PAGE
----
MIT's Computer Science and Artificial Intelligence Laboratory (CSAIL) and Nokia Research Center today announced a research collaboration to advance the state of the art in mobile computing and communications technologies.
CSAIL and Nokia will establish a new research facility - the Nokia Research Center Cambridge - near the MIT campus, where researchers from MIT and Nokia will work closely together on a new vision for mobile computing.
"Information and communication technologies are becoming ever more critical in all aspects of our personal and professional lives," said MIT President Susan Hockfield. "By carrying out long-term research in these fields, including novel uses of hand-held devices, MIT and Nokia will make new communication opportunities and services available for people around the globe."
"For Nokia, this is a fresh approach to our research collaboration with universities," said Dr. Bob Iannucci, head of Nokia Research Center. "Bringing together the collective expertise of MIT and Nokia in mobile computing and communications provides a vehicle for rapidly generating new concepts and bringing innovations to the marketplace on a large scale."
The collaborative work of the Nokia Research Center Cambridge will center on a view of the future where small handheld devices such as mobile phones will become parts of an "ecosystem" of information, services, peripherals, sensors and other devices. Research will address new user interfaces that incorporate speech and other modalities, new mobile computing platforms - including low power hardware platforms and wireless communication, as well as new software architectures. Researchers will also address new ways of managing information: The use of Semantic Web technologies - an extension of the current Web developed in part at CSAIL and at the Nokia Research Center - will enable devices to more intuitively and automatically understand interconnected terms, information and services.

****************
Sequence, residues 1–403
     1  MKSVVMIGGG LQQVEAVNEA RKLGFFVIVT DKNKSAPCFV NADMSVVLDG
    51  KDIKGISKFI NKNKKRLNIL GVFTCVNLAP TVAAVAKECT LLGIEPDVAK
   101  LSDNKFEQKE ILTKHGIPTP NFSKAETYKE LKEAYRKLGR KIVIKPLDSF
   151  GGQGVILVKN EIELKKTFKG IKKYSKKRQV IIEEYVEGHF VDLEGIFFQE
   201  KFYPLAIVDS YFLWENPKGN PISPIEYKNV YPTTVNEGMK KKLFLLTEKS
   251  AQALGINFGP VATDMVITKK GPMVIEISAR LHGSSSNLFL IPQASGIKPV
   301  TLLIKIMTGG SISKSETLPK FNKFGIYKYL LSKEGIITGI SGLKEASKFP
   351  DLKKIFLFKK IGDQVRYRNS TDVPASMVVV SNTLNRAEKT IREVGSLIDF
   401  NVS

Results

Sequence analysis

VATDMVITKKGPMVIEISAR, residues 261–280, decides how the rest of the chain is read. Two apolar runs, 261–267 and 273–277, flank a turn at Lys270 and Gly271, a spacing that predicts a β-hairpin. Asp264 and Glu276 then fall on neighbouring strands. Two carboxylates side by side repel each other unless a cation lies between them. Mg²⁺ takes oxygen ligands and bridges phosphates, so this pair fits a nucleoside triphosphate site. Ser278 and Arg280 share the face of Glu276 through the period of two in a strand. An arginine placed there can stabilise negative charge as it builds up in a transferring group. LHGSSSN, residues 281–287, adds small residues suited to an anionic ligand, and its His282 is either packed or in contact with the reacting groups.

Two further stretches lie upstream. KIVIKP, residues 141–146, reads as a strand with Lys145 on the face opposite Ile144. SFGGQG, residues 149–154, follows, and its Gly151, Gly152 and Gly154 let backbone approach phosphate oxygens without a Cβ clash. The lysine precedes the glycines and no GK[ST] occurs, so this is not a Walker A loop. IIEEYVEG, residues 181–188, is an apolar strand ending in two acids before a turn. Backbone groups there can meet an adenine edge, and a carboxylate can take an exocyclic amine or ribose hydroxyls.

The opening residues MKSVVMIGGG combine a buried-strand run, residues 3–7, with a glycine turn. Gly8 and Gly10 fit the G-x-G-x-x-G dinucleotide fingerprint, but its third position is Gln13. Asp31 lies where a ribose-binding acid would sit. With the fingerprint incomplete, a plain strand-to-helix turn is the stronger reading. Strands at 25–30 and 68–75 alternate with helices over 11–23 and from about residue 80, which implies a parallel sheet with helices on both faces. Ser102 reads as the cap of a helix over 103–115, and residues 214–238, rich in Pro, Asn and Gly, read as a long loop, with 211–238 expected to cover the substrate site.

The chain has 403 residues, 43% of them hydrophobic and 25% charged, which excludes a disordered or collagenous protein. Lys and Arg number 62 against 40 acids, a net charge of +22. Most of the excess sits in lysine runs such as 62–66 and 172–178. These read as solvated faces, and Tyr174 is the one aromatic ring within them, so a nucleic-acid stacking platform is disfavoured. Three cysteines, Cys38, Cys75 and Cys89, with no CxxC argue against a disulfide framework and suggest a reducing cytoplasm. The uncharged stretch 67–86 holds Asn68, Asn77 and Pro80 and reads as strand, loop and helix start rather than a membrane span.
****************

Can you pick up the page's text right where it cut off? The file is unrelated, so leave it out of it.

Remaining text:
Approximately twenty researchers from MIT and twenty researchers from Nokia will participate in joint projects under the direction of a joint steering committee. Dr. James Hicks from Nokia Research Center has been named director of the Nokia Research Center Cambridge. Professor Arvind, Johnson Professor of Computer Science and Engineering, will be the program manager.
"This is a totally unique kind of collaboration for both MIT and Nokia," said Professor Rodney Brooks, director of CSAIL. "Unlike most university-industry alliances, where researchers work at their own pace Â¬- often at opposite ends of the globe - the joint laboratory with Nokia will bring a dynamic group of scientists into close physical proximity in an open, creative and dynamic environment."
This new collaboration builds on the foundation of a strong relationship formed during past collaborations between MIT and Nokia. Most recently, Nokia was a founding partner in the MIT Oxygen Alliance, a major research project involving more than 150 researchers at CSAIL with the goal of creating a new breed computers devoted to serving people's needs.